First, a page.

Why I Bother
Out the train window in the early morning fog a light dusting of frost, evocative of mint glace, covered the green landscape. It was the end of another rewarding European summer, and I was riding the RER train from St. Michel-Norte Dame station to Charles De Gaulle airport, homeward bound. As I rode, I mused over a story I had just heard, about ‘an eighty-year old woman who had recently died in her sleep at an International Youth Hostel in Norway. Her passport was filled with visa stamps showing constant travel for the last ten years, not just around Europe, but also to exotic ports, Myanmar, Rarotonga, Eritrea, and Reunion Island. Her battered backpack, worn clothes (a couple of pairs of long pants, hiking shorts, a few shirts, a sweater), warm jacket, rain gear and hiking boots seemed secondary to the volume of journals, post cards and address books that filled her pack. Other than her country of origin listed in her passport, the hostel manager could find no permanent address listed, nor next of kin. ‘Leave it to the embassy,’ that was his solution I was told.’ Over the years, I have learned travel can be addictive and like any other opiate, it reels you in when you least expect it. Obviously for this octogenarian woman her original week or month of wandering off the grid had turned into a way of life.
My morning musings also bought to mind another unusual travel story told to me many years ago. ‘A stately old Englishman of some means, the father-in-law of one of my oldest friend’s, had listed on his passport, occupation: Gentleman.’ How descriptively quaint. It was then I decided, that at the next re-issuance of my own passport, the new one would read occupation: Traveler. Much like the 80 year old mystery woman, I decided then and there, what I intended to do with my waning days. After a lifetime of working and parenting, I decided it was time. After all, I was getting a little long in the tooth. The travel seed had been firmly planted in me many years ago, and it was time to fess up.
Gazing out that train window at the bucolic scene, I recalled the wonderful time during my fourth year, when my grandfather David Eck, an immigrant from Sweden lived in our household. His story was not much different from the multitude of immigrants processed through Ellis Island in the late nineteenth century.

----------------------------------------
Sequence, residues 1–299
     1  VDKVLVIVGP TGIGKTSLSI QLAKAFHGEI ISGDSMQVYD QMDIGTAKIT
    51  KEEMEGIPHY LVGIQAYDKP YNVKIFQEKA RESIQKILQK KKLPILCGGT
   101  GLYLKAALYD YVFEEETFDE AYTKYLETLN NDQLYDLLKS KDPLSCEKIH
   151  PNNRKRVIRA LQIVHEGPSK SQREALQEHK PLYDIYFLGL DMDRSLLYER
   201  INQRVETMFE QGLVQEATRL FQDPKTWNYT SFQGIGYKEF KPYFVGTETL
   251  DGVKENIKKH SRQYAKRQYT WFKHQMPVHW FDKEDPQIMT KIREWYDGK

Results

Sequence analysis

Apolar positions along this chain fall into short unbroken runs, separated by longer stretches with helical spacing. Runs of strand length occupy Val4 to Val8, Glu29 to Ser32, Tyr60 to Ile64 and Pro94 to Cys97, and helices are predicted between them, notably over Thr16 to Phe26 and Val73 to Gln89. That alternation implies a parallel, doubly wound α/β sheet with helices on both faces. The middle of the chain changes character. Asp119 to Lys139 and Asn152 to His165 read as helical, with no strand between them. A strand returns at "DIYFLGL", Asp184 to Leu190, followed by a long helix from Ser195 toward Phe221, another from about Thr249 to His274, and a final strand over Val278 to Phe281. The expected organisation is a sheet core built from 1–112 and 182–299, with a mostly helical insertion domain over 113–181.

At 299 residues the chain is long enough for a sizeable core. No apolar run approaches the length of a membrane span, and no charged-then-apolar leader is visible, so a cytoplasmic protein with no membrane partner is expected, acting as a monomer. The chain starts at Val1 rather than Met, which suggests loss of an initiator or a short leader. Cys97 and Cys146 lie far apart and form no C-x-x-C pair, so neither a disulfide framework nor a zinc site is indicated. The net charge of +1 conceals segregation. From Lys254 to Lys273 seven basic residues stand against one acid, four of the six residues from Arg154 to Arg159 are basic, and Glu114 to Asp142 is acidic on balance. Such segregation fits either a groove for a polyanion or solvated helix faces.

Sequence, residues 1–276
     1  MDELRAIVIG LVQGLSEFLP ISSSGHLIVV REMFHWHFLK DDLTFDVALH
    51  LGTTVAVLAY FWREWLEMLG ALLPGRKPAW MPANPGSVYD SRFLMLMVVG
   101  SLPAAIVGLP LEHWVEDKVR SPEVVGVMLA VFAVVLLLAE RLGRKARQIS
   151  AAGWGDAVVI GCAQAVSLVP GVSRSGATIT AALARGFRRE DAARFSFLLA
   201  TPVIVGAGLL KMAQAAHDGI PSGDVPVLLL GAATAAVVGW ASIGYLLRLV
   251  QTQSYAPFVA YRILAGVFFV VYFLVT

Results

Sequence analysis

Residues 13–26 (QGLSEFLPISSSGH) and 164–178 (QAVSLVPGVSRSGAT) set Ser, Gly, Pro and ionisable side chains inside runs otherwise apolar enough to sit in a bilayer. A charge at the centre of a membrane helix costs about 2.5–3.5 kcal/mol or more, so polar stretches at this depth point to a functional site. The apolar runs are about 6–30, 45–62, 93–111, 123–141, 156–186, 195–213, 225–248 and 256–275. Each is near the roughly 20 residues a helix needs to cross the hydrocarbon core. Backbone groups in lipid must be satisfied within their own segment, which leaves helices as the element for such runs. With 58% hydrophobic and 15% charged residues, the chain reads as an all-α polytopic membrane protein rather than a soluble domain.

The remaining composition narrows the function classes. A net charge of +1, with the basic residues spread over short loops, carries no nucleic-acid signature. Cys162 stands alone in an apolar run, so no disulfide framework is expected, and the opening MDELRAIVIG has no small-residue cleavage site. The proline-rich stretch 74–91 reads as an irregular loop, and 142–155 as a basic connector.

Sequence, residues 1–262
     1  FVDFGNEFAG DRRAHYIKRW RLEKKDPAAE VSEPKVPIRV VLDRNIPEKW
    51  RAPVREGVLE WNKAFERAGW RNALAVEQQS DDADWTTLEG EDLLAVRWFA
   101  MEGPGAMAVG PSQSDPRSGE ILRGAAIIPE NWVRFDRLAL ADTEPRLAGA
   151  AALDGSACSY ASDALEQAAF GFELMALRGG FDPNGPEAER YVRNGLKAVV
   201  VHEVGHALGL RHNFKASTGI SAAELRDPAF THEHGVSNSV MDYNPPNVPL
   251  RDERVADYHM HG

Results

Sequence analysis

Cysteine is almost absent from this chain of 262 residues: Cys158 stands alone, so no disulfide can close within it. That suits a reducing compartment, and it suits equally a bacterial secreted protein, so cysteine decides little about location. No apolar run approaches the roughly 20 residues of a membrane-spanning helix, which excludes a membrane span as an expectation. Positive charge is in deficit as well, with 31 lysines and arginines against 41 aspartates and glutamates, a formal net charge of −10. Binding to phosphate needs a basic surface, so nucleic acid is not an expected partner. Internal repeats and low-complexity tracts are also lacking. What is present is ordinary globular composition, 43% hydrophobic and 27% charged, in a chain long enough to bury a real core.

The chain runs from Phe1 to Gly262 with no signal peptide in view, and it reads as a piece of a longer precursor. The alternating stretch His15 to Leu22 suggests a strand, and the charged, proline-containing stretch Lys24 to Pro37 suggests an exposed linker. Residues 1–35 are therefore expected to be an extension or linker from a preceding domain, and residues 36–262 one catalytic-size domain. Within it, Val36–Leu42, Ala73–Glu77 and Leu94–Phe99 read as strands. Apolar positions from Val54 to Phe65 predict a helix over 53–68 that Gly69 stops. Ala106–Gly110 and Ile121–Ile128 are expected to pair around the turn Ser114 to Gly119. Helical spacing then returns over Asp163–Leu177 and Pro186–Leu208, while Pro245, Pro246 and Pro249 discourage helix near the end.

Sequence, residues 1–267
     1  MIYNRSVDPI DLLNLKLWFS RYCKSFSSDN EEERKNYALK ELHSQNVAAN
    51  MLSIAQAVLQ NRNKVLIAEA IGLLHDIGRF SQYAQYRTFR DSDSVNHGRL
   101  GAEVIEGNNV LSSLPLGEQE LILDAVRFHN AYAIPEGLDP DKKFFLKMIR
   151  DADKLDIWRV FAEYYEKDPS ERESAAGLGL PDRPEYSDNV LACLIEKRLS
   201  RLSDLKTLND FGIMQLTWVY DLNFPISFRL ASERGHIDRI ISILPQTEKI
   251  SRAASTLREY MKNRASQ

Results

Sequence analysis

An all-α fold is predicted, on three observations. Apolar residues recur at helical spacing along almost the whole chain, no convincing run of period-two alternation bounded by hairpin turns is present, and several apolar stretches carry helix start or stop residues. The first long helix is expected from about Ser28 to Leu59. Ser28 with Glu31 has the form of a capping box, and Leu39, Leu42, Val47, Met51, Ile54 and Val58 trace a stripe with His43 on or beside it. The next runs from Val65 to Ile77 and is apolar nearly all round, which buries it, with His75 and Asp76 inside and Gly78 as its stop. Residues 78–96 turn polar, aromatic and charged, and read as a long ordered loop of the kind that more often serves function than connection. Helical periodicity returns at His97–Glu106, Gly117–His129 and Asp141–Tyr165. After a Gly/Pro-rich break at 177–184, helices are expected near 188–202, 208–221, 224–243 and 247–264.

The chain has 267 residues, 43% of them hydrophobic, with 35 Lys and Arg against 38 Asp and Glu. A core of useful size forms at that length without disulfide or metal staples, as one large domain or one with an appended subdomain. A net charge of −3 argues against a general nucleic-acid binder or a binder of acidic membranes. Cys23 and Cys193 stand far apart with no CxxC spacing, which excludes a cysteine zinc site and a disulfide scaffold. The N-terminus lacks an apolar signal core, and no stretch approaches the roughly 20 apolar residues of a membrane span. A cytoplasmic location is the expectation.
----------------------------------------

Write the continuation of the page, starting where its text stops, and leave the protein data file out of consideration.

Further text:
He originally arrived in America in 1874, at age ten; the minimum age to enter the US at the time was twelve. Rather than send him back, the Ellis Island personal changed his papers to read the requisite age. The spelling of his name, Ek – meaning oak in Swedish - was considered too short so it was also changed, from Ek to Eck. After finishing a tool and dye apprenticeship in Boston, his sense of wanderlust led him to embark on a trip across North America, jumping trains, lumberjacking and taking odd jobs to make his way through his newly adopted land. Here was a brilliant, self-educated man, whose main goal in life was to see the world, until he became smitten with my grandmother, which tethered him with the responsibility of supporting her and their six children.
All his life when the sun when down, this tall, angular, rather regal looking, gentleman with a shock of silver hair and gentle grey eyes, developed a bacchanalian bent, which that year became the bane of my mother’s life. Her sense of propriety was so offended with the constant disruption of both her and my father’s sleep by the midnight calls to fetch him because of his carousing ways, she finally had him banished; sent off to my aunt’s who lived on a country lake far enough from the nearest town to keep him out of my mother’s hair and harms way. It wasn’t that my mother didn’t know what she was getting into. Rather, I believe, though I know she loved him deeply, she had hoped old age had tempered his thirst, but obviously it didn’t.
Yet for me, it was a momentous year. Grandpa Eck was my first travel guru, and we sprawled out together on the living room carpet, spreading out each new monthly National Geographic map and the companion monthly magazine. It was my dear Grandpa Eck, who first told me about Ladakh, a mysterious land of tantric Buddhist monasteries and a strange mountainous moon-like landscape. After he left, I continued our monthly geographical searches for obscure unique world venues. By age seven, I had decided that the ‘soul of the world’ must be in Ladakh. I also decided I would go there before I died. Just to make sure, of course.
Although there were many other fantastic places worldwide I had not seen, I never forgot my childhood memories of Ladakh. Upon returning home from my latest European trip, in September of 2006, at age 66, I walked into my workplace and said, “I am leaving in June.” There, it was done.
I spend most of the winter, deciding what to take, buying luggage and trekking shoes, and deciding on a basic itinerary. Because I believe fervently that flying anywhere for less then a few weeks is thriftless, I planned a sojourn of much more than just Ladakh. Other than a summer in China and Tibet in 2002, I would be in Asia for the first time in my life, and I was going to make the most of it.
My Gosh! What am I going to wear?
Note: Recently, a rather intellectual sort read Why I Bother. “Is this fiction?” He asked. “How could an elderly man in the 1940s have so much information about the world without our modern technology.”
It gave me pause. ‘Was this a four year’s old personal fantasy about the facts, of how it really happened? Who know? But that is how I remember the events of that wonderful year , so I’m sticking to them.
Note: Since traveling to Ladakh, I have learned that Mt Kailask in western Tibet is really considered the ‘soul of the world’ by many eastern religions, (Jains, Hindus, Buddhists and Bons) and body willing, I will go there and decide upon its mystical powers for myself.